(Image credit: Future)
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LG Velvet camera sample

Close-ups and contrasts between light and dark are no problem for the LG Velvet.
(Image credit: Future)
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LG Velvet camera

For the most part, your photos are going to come back looking good.
(Image credit: Future)
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LG Velvet camera sample

Low light can cause a problem, but the LG Velvet usually handles it reasonably well.
(Image credit: Future)
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LG Velvet camera sample

The on-board night mode doesn't make a huge amount of difference.
(Image credit: Future)
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LG Velvet cam

It's not up to the standard of the best phone cameras, but the LG Velvet can handle dark scenes.
(Image credit: Future)

Low-light shots can trip up a lot of phone cameras but the LG Velvet doesn't do badly at all. Even with less light available, plenty of detail is captured in the shot, and you can definitely make out what's going on. While it can't compare to the best phones on the market when it comes to shooting photos in the dark, the LG Velvet shouldn't let you down too many times – though the dedicated night mode on the camera doesn't seem to be all that different from the main photo mode.

As for battery life, LG is claiming "all-day" battery life from the 4,300mAh battery, which is very vague and about right. We had at least a quarter left in the tank at the end of each day – about par for the course with the phones we test, considering they all have brand new batteries that haven't started to degrade. We suspect the big OLED display can suck quite a bit of battery life, but it wasn't something we noticed a real problem with, and our usual hour of video streaming test knocked the percentage down from 100 to 89 (so you can expect about nine hours of Netflix between charges).

LG Velvet review: other specs and features

LG Velvet

(Image credit: Future)

We've already mentioned the very decent Snapdragon 765G processor, which enables 5G on the LG Velvet, and that's paired with 8GB of RAM and 128GB of internal storage, which you can expand via a memory card if you want to. Those aren't top-tier specs, but they're still very good, and the LG Velvet is going to cope ably with wherever you need it to do.

We didn't notice any slowing down or lag in our time with the LG Velvet, whether using it as normal or in the Dual Screen case (a little side button lets you ping apps from one screen to another). Android 10 is on board, with a few LG tweaks, so you're just about right up to date when it comes to software as well (Android 11 should get pushed out to Pixel phones later this year).

We're pleased to see the phone is IP68-rated for protection against dust and water, and as well as 25W fast charging you also get the added benefit of wireless charging if you need it. There's a fingerprint sensor built into the display for actually getting into your phone, and in our experience it works fine – the tech is now up to a standard where it's just about as good as a physical button.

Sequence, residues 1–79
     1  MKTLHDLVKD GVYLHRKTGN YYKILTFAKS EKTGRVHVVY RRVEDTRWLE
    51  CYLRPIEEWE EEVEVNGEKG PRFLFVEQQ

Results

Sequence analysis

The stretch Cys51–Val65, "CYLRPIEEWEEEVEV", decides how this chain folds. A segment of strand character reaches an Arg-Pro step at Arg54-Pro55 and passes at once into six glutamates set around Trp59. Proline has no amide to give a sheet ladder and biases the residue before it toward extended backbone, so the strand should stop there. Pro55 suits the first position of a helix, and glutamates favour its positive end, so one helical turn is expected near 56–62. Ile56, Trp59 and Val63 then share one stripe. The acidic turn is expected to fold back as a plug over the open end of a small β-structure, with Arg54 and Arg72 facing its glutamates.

The specs and features you get from the LG Velvet leave it very firmly in that upper-mid-range category and you would expect to see that in the price. While it's not going to set any benchmarking records, you can at least expect it to breeze through most everyday phone tasks, at a speed and slickness that's some way above what you're going to get from handsets at the budget end of the scale.

LG Velvet review: price and verdict

LG Velvet

(Image credit: LG)

In not aiming quite as high with the LG Velvet (in terms of specs at least), LG will be hoping to appeal to a broader set of users who want to spend less on their phone while still getting a handset that's very capable. The LG Velvet certainly ticks that box, and manages to look and feel like a top-end handset even if the internals don't quite match. As an added bonus, you get 5G too.

It's a phone with a strong aesthetic look, a decent camera, and plenty of extras (including that Dual Screen accessory), and you can't ask for more from a smartphone. While the camera and the battery life don't particularly stand out, they're far from terrible. Perhaps the worst aspect of the LG Velvet is the Android experience, which is customised more than most – but you'll get used to it.

A lot is going to depend on the price of the LG Velvet, and unfortunately we don't have a price or an on-sale date for the UK yet. Its European retail price is €650 – that works out at about £585 with a quick currency conversion, but with sales taxes and all the rest of it those quick conversions hardly ever apply. If LG can get the Velvet to a low enough price, then the handset might find a lot of fans very quickly, if they can be tempted over from whatever phone series they're already using.

Let's not forget that the 2020 edition of the iPhone SE comes in at a starting price of £419 and offers just about as much as the LG Velvet does (albeit with a much smaller screen), while the likes of Motorola and Nokia are making some very good, very affordable Android smartphones as well. We'll have to wait and see if the LG Velvet has got enough to be able to stand out from the crowd.